How To Use Power Pivot Instead of VLOOKUP
In this post I will explain how you can use Power Pivot instead of VLOOKUP to save time and analyze your data in new ways.
What is PowerPivot?
Power Pivot is a free business intelligence tool from Microsoft that allows you to process and analyze large data sets in Excel. It has a ton of great features, and here are some of the highlights of Power Pivot.
- Work with large data sets (over 1 million rows) right in Excel.
- Quickly create relationships between data tables, similar to a database.
- Analyze your data with Pivot Tables in Excel, an environment you are familiar with.
- Create advanced formulas and measures to analyze data like never before.
- Link Excel files directly to your databases and data sources to quickly refresh your reports.
- Go beyond Pivot Tables and retrieve data with the CUBE functions, great for custom reports, charts, and dashboards.
There are many more features of Power Pivot, and this list is just meant to give you an idea of what it can do.
Why Do I Need Power Pivot?
You might be thinking… “All those features you listed sound great, but do I really need Power Pivot? It looks like a lot to learn and I’m not sure how it will benefit me.”
So I’m going to give an example of how you can use PowerPivot instead of VLOOKUP, and let you be the judge. This example only scratches the surface of Power Pivot’s capabilities. But you will see how Power Pivot makes it much faster and easier to create and maintain relationships between data sets in your Excel files.
The good news is that Power Pivot is a free add-in for Excel 2010 and 2013 for Windows. So there is no risk in trying it out.
A Common Reporting Process
Does the following process look familiar to you?
This is a common process we go through to summarize and analyze a data set:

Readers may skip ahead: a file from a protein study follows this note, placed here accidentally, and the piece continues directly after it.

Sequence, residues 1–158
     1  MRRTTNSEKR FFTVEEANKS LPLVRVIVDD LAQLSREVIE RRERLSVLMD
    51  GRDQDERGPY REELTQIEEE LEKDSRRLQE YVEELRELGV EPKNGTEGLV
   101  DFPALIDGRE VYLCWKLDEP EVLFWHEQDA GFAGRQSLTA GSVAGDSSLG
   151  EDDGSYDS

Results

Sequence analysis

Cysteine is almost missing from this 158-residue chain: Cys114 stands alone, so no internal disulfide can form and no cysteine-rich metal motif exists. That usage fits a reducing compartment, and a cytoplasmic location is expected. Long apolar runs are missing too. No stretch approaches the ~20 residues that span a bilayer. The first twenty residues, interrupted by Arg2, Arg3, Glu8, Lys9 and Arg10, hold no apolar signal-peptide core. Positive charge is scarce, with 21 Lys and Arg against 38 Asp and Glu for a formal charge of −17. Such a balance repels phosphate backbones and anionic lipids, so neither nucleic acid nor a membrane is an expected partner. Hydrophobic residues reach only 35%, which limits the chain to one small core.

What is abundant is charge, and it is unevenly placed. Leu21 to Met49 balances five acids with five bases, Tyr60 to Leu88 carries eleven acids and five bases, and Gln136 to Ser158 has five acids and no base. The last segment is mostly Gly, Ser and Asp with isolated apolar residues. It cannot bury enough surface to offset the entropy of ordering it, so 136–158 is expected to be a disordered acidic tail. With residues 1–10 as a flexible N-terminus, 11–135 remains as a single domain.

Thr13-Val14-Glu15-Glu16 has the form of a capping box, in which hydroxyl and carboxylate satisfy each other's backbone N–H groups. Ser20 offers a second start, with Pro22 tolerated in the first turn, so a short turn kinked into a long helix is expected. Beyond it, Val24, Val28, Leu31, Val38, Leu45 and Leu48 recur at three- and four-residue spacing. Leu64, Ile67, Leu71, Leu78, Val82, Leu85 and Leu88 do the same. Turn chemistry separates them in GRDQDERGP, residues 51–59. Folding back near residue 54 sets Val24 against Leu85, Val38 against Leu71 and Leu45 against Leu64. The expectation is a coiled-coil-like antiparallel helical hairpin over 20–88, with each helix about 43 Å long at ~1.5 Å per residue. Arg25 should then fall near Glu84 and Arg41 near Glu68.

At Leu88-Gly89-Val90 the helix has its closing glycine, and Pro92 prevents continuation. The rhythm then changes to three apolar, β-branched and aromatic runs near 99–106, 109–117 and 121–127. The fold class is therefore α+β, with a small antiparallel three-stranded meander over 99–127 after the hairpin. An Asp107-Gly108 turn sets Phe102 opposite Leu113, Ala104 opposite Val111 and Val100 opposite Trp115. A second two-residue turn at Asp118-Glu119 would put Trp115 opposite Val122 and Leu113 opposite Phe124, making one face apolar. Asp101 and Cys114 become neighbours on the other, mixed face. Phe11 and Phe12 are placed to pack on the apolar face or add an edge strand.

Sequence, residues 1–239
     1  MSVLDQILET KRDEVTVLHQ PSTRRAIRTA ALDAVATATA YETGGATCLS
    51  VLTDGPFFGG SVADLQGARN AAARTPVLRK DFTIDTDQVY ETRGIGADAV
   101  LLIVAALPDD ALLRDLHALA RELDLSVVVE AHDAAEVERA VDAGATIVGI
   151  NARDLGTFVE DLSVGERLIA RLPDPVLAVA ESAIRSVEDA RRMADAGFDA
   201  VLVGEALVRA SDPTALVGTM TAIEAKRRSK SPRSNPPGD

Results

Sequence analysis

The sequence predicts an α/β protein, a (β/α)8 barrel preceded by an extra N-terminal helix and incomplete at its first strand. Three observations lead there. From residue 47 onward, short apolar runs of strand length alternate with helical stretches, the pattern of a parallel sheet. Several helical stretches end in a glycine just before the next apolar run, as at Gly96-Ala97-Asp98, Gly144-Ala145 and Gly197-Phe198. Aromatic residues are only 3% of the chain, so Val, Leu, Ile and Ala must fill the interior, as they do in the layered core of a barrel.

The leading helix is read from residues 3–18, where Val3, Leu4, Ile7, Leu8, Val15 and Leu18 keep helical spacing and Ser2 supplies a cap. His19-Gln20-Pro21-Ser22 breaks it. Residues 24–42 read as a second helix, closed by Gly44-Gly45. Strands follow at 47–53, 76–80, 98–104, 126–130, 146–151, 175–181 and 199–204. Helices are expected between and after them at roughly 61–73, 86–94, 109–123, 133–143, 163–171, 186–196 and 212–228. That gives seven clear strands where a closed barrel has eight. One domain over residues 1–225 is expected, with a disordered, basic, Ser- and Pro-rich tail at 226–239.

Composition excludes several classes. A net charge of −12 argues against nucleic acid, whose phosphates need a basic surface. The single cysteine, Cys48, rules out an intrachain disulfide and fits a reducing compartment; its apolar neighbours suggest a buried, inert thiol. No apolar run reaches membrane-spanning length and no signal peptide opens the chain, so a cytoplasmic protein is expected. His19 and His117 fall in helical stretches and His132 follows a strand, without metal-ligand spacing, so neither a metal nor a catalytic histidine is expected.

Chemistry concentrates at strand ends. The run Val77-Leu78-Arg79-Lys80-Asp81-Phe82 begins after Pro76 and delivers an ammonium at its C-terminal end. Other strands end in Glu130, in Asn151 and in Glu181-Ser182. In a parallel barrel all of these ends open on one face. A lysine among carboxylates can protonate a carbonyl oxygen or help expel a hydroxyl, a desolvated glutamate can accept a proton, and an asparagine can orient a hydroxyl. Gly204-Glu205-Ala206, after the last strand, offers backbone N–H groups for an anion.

- Copy or import a set of data into Excel. In this example we are going to use a set of sales data.
- Add additional columns to the data set to pull in additional information, usually with VLOOKUPS.
- Summarize the data with a Pivot Table or formulas (SUMIF, COUNTIF) for reporting.
If you do this process regularly, then I think you’re going to like Power Pivot.
The VLOOKUP Approach
In this example we have a set of sales data that we need to do produce some reports for.
The data table does not contain the Product Category information, so we need to lookup the category from a Category table using VLOOKUP formulas. Then we will be able to create a report using a Pivot Table that shows the sales by Category.
With the VLOOKUP formula we are basically creating a relationship between the data table and lookup tables. The question then becomes, how much is this relationship costing you?
Do You Have a Love-Hate Relationship with VLOOKUP?
There is nothing wrong with the VLOOKUP approach, but this relationship does require maintenance. Here are a few examples of things you might find yourself doing with the VLOOKUPs:
- Extending the lookup range argument (table_array) when you add more rows to your lookup tables. (Note: Excel Tables and structured reference formulas resolve a lot of these issues and I highly recommend learning about Tables)
- Adding an additional column to lookup table means the column index argument needs to be updated.
- Copying VLOOKUP formulas down to extend to the end of the data set after updating with new data.
I could probably list 10 more issues we encounter with VLOOKUP maintenance, but this post isn’t about complaining. It’s about solving the problem. 🙂
VLOOKUPs Require Maintenance
I like to think of the VLOOKUP as that old green truck. It’s usually reliable, and you’ve depended on it for years, but it does break down from time-to-time. You either know it so well that you keep a checklist of potential problems (along with your toolbox) in the back of the truck, just in case something goes wrong (errors). Or, you have to take it to the mechanic (the Excel expert in your office) because it broke and you’re not sure how to fix it.